Mentions: First, we investigated the commensal intestinal microbiota composition in homozygous and heterozygous mice of different genotypes kept in open cages in the breeding facility (a barrier access restricted to animal care personnel). The hygiene status of this facility is specific pathogen free according to FELASA standards 2002 [16]. Fecal samples were derived from 12-weeks-old wildtype (WT) mice, IFN-γR+/− (HE) and IFN-γR−/− (HO) mice, IFN-γ+/− (HE) and IFN-γ−/− (HO) mice, Rag1+/− (HE) and Rag1−/− (HO) mice, as well as IL-4+/− (HE) and IL-4−/− (HO) mice and subjected to 16S rRNA analysis of the most prevalent commensal intestinal bacterial groups by quantitative RT-PCR. The total eubacterial loads were slightly higher (mean difference approximately one order of magnitude) in IFN-γ+/− (HE) and Rag-1+/− (HE) mice as compared to the respective HO mice as well as in IFN-γ+/− (HE) versus WT control animals (p<0.01, p<0.005, and p<0.005, respectively; Fig. 1A). However, eubacterial 16S rRNA levels did not differ between mice of the remaining genotypes. Analysis of specific bacterial groups revealed that all mice harbored comparable 16S rRNA gene levels of Enterobacteriaceae, enterococci, and lactobacilli (Fig. 1B, C; Fig. 2A). Whereas bifidobacteria were virtually absent in WT and IFN-γR−/− (HO) mice, bifidobacterial 16S rRNA levels were significantly higher in IFN-γ+/− (HE), Rag1−/− (HO), Rag1+/− (HE), and IL-4−/− (HO) mice as compared to WT controls (mean differences up to 3.5 orders of magnitude; p<0.005–0.0005; Fig. 2B). Interestingly, bifidobacterial loads were higher in IFN-γ+/− (HE) mice as compared to IFN-γ−/− (HO) mice (p<0.05), but lower in IL-4+/− (HE) versus IL-4−/− (HO) animals (p<0.01) (Fig. 2B). Moreover, WT control mice displayed approximately one log higher fecal Bacteroides/Prevotella spp. loads as compared to IFN-γR−/− (HO), IFN-γR+/− (HE), IFN-γ−/− (HO), IFN-γ+/− (HE), and IL-4−/− (HO) mice (p<0.05–0.005; Fig. 3A), whereas IL-4+/− (HE) mice harbored one order of magnitude higher Bacteroides/Prevotella spp. 16S rRNA in the feces as compared to IL-4−/− (HO) mice (p<0.05; Fig. 3A).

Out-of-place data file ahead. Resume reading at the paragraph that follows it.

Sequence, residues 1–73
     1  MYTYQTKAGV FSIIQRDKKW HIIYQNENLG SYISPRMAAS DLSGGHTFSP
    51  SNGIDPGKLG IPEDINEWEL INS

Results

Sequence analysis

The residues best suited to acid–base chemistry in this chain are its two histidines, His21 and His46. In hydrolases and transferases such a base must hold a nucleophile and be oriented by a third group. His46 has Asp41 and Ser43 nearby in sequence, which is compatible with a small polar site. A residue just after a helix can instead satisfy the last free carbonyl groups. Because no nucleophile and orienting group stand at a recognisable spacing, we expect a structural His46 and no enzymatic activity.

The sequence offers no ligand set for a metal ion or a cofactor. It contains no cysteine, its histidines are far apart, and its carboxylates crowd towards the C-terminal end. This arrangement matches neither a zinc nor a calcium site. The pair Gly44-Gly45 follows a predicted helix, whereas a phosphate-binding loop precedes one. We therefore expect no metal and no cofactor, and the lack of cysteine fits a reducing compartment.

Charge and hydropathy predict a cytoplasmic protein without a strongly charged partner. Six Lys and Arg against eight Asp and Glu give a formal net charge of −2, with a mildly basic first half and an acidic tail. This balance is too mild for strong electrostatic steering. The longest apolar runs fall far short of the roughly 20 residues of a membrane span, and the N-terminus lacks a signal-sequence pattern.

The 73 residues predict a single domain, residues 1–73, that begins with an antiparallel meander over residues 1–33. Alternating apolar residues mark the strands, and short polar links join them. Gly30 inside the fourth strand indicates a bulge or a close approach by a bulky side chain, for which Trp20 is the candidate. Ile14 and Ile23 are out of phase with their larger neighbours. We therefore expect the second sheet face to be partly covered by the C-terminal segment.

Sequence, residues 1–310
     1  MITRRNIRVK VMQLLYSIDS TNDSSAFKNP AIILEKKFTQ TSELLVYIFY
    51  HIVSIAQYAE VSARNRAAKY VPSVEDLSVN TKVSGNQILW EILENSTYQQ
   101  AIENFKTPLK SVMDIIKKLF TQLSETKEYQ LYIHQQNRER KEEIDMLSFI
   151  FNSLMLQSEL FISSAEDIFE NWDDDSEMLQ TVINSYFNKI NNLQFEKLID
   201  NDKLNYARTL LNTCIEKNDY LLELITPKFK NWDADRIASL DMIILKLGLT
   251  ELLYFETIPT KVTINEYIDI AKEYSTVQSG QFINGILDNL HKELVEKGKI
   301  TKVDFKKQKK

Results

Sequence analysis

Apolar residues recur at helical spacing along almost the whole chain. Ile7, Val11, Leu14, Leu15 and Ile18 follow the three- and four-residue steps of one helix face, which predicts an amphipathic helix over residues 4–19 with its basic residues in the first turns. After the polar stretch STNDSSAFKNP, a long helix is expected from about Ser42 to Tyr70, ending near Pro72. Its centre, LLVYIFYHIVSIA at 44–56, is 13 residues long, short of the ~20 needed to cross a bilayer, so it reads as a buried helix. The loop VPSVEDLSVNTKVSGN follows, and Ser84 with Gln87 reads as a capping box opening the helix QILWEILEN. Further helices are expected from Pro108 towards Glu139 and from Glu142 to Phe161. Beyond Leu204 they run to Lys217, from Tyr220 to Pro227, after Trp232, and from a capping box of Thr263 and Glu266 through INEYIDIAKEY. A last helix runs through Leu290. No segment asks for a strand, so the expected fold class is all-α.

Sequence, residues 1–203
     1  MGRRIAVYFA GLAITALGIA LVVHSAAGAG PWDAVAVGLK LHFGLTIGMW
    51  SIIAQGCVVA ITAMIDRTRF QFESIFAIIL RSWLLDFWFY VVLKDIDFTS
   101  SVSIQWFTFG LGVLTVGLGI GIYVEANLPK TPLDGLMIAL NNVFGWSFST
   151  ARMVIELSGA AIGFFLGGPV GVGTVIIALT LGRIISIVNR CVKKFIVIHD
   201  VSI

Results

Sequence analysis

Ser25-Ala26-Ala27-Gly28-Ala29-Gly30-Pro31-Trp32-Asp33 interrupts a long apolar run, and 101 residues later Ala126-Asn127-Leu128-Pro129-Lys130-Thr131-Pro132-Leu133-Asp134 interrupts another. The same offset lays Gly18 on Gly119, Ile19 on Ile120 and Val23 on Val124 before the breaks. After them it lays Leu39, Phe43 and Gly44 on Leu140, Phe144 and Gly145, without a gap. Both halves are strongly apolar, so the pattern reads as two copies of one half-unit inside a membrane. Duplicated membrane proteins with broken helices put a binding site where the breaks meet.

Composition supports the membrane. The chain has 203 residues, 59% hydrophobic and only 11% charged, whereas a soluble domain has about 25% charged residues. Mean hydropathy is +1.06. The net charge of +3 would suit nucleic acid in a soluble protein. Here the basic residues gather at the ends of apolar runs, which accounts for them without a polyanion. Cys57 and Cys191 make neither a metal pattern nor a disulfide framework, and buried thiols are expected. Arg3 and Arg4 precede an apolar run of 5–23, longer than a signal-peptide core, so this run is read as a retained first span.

Bottom Line: Abundance of commensals constituting the intestinal microbiota (IM) affects the immune system and predisposes to a variety of diseases, including intestinal infections, cancer, inflammatory and metabolic disorders.Overall, differences in IM composition were subtle.Housing-dependent and immune-deficiency mediated changes in intestinal microbiota composition were rather subtle but may nevertheless impact immunopathology in experimental models.